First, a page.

Lawmakers on Capitol Hill have said that the U.S. Secret Service told them in a closed-door briefing that the investigation into cocaine found at the White House has concluded and no suspect has been identified.
While the Secret Service has not yet officially confirmed the conclusion of the investigation, Rep. Nancy Mace (R-S.C.) told reporters on Capitol Hill on July 13 that this is basically the end of the line for the probe.
“I don’t see it moving forward in any way, shape, or form after this,” she said.
Mace said lawmakers were told during the closed-door briefing that investigators were unable to determine who brought the cocaine into the West Wing and how long it was before it was discovered on July 2. It was first identified as an “unknown item” and prompted a brief evacuation.
“No one knows how long it was there, or who put it there and they can’t get to the bottom of it,” Ms. Mace said, adding that over 500 people visited the White House that weekend, and suggesting that the hypothesis that one of the visitors brought it in isn’t unreasonable.
At the same time, Ms. Mace expressed dismay at the failure of the probe to determine who and when brought the drugs into the White House.
“This, as a member of Congress, is frustrating. It’s the most secure site, the most secure building in the world, with the best law enforcement officers in the world, and we don’t have any answers.”
“From my perspective, it’s just frustrating. Every time we have questions about activity around the Biden White House, the administration’s family, no one can ever get any answers,” she added.
While Ms. Mace didn’t name anyone in particular, much of the speculation around the drug find has focused on President Joe Biden’s scandal-plagued son, Hunter Biden, who in his memoir discussed his past addiction to crack cocaine.
Asked if she thinks the matter might get taken up by the House Oversight Committee, Ms. Mace said it’s unlikely because lawmakers have their hands full with other investigations.
Republicans in Congress have launched a number of investigations into the Biden administration, including one into how government agencies colluded with Big Tech companies to censor Americans’ constitutionally protected free speech.
‘Pretty Good Diversion’
Other lawmakers who spoke to reporters following the Secret Service briefing told much the same story as Ms. Mace.
“They told us they don’t know who it is,” Rep. Tim Burchett (R-Tenn.) told reporters on Capitol Hill.
Mr. Burchett said it’s “bogus” that the Secret Service wouldn’t be able identify a suspect given all the security technology that’s deployed at the White House and the fact that visitors are screened quite closely.
“It’s a complete failure,” Mr. Burchett continued. “This thing is ridiculous.”
Asked for specifics of the information provided during the briefing, Mr. Burchett said that lawmakers were told that the amount of cocaine that had been found was “less than a gram.”
“It’s a pretty good diversion. A lot of people are upset about it,” he added. “I think they’re thumbing their nose at the American public right now, like this administration has had a habit of doing.”
Mr. Burchett said a formal announcement of the conclusions of the investigation is expected on Friday.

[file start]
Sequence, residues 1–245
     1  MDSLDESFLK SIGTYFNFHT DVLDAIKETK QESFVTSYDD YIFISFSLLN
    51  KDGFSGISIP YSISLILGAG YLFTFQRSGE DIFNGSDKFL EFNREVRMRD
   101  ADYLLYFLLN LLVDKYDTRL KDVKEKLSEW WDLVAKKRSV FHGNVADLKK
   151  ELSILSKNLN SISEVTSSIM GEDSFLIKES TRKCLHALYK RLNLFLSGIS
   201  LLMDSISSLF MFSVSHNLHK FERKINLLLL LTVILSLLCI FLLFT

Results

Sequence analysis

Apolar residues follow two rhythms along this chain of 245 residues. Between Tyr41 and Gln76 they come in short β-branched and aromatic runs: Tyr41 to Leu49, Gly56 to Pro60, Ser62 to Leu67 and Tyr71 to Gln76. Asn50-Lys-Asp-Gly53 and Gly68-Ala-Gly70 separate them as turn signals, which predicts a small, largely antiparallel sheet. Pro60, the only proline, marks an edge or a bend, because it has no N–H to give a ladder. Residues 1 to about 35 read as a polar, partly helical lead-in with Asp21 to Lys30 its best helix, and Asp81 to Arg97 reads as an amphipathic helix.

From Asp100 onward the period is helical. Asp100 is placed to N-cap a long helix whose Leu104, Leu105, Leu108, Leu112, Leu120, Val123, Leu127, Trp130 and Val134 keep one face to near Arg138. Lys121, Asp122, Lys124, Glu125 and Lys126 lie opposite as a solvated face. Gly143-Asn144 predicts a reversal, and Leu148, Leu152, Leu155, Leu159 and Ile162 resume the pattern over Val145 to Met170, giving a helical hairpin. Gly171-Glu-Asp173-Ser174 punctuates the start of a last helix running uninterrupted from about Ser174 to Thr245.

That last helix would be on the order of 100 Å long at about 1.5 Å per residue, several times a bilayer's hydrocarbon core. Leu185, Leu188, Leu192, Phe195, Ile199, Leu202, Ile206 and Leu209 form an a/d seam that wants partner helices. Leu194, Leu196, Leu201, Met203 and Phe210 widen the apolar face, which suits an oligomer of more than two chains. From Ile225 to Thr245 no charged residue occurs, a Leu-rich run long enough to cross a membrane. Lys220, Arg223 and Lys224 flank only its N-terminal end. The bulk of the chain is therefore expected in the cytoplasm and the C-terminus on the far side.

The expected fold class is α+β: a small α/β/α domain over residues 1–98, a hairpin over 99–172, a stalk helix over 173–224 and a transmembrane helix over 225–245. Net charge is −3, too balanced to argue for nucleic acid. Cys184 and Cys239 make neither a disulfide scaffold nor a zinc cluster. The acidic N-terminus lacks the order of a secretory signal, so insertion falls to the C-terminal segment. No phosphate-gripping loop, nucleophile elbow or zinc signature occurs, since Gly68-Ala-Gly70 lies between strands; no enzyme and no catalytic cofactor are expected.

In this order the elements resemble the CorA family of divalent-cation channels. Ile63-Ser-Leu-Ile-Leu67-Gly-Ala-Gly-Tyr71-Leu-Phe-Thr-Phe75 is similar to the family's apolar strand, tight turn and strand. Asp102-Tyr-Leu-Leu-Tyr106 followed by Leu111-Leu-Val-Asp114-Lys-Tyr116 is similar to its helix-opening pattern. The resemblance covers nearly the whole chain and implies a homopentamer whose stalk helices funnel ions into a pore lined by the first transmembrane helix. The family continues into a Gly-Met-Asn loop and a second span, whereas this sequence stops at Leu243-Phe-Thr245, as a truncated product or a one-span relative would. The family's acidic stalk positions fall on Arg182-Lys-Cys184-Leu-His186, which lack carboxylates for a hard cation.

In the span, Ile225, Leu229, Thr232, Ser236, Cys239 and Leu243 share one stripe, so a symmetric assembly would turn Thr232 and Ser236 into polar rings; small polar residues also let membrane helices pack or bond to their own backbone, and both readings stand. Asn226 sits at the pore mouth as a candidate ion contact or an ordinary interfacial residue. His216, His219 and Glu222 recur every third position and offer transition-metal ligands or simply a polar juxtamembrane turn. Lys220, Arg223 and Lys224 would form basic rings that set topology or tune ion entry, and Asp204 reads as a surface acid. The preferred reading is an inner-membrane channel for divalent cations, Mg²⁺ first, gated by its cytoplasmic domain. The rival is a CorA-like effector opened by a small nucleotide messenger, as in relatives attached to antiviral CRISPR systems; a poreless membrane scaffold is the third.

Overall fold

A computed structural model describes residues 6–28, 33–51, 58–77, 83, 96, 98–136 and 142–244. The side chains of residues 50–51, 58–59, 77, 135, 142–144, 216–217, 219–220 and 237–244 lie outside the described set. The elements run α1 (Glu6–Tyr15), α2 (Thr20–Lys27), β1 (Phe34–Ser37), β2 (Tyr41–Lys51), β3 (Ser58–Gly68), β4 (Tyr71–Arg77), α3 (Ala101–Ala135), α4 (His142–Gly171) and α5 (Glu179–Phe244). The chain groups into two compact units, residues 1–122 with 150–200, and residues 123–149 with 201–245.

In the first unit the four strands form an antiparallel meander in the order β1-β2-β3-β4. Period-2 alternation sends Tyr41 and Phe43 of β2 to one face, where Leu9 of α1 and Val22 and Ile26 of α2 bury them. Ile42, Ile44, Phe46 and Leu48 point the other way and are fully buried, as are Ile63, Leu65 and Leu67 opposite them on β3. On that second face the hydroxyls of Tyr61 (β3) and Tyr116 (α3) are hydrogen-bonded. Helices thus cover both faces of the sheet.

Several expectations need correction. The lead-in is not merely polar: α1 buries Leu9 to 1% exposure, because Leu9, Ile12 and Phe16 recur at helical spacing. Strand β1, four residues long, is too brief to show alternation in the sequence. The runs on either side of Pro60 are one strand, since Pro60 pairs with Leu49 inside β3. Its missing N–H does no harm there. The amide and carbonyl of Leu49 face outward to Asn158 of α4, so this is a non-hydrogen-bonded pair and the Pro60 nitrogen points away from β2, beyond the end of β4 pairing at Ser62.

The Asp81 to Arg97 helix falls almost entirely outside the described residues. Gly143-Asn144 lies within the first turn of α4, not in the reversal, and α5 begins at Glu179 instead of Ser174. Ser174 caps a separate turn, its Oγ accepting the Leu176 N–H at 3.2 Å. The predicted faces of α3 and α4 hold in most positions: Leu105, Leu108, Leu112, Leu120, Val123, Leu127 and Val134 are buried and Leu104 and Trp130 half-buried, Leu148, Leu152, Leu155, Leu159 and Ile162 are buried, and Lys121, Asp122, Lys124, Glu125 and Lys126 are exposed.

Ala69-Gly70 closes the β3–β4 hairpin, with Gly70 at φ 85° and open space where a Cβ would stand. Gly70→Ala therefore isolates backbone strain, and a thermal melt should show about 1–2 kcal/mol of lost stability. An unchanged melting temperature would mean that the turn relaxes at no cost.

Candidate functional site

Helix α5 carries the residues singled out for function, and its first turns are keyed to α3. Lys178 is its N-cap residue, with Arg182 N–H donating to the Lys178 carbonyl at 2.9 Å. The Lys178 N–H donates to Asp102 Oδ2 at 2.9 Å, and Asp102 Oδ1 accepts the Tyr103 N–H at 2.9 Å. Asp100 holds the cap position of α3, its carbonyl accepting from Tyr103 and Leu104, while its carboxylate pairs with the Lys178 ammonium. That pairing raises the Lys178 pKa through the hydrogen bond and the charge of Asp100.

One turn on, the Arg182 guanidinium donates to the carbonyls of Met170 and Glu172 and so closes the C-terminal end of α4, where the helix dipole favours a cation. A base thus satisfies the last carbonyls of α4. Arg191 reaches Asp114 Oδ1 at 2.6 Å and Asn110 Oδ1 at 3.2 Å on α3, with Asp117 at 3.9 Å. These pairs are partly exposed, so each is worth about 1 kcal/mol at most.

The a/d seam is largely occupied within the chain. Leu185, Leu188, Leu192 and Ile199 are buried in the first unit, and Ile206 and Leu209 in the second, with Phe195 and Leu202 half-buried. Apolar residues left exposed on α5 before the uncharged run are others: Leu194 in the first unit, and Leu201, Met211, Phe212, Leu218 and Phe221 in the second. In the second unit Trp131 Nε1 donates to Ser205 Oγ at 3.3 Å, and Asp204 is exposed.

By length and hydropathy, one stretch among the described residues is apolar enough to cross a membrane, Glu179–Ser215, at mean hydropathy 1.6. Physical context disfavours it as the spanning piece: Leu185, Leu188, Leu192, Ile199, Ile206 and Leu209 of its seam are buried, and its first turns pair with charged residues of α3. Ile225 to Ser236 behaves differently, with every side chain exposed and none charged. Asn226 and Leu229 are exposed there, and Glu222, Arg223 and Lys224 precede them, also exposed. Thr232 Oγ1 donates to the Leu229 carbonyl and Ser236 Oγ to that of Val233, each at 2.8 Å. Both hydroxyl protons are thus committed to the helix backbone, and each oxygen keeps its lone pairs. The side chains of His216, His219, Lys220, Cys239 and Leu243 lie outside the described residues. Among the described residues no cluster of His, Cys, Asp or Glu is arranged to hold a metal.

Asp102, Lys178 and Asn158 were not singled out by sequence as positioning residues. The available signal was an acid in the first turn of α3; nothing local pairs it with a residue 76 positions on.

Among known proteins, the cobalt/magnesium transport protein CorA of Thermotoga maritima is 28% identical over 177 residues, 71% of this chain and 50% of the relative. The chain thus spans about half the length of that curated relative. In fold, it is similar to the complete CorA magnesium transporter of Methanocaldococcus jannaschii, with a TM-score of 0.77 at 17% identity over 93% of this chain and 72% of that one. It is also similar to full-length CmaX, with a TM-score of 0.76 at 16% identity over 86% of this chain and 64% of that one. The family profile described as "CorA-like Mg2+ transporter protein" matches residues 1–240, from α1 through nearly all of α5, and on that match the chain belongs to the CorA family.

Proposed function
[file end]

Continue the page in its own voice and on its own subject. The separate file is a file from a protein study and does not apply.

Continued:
The Secret Service did not immediately respond to a request for comment.
Secret Service Refuses to Hand Over Records
It comes days after the Secret Service said it would not comply with a Freedom of Information Act (FOIA) request for records relating to the White House cocaine, citing the potential for interference in an ongoing investigation.
In a letter dated July 11, the Secret Service told Bloomberg Business investigative reporter Jason Leopold that it wouldn’t comply with the FOIA request he made to the agency.
Mr. Leopold’s FOIA request had asked for information such as emails, text messages, memos, intelligence bulletins and threat assessments, after-action reports, and suspicious activity reporting regarding the cocaine found in the West Wing of the White House on July 2.
The Secret Service stated that the requested information could potentially “interfere with enforcement proceedings.”
Typically, when an agency denies a FOIA request under the “enforcement proceedings” exemption, it’s signaling that releasing the requested information could hinder ongoing or future law enforcement actions.
The Secret Service told The Epoch Times in an emailed statement that the investigation remained “open and active” at that time and that disclosure of documents and records is prohibited under the federal FOIA until cases are closed and adjudicated.
On the evening of July 2, a substance initially described as an “unknown item” was found in the White House library, prompting a brief evacuation.
While the Secret Service didn’t identify the nature of the substance, a D.C. firefighter said in a radio dispatch call at 8:49 p.m. on July 2 that the substance had tested positive for cocaine.
“We have a yellow bar stating cocaine hydrochloride,” the firefighter can be heard saying on the call.
“Bag it up and take it out,” the firefighter added, presumably addressing someone on the hazmat team.
As the investigation progressed, Secret Service spokesman Anthony Guglielmi told The Epoch Times that the substance may have been brought in by someone who works there or had authorization to be there.
According to Mr. Guglielmi, the drugs were discovered in an area where West Wing staff, media personnel, visitors, and others involved in the security screening process gather.
Press secretary Karine Jean-Pierre said recently that the administration would “let the Secret Service do its job” before determining what action it needs to take.
“We will take any action that is appropriate and warranted pending the outcome of the Secret Service [investigation],” Ms. Jean-Pierre told reporters during the weekly White House press briefing.
From The Epoch Times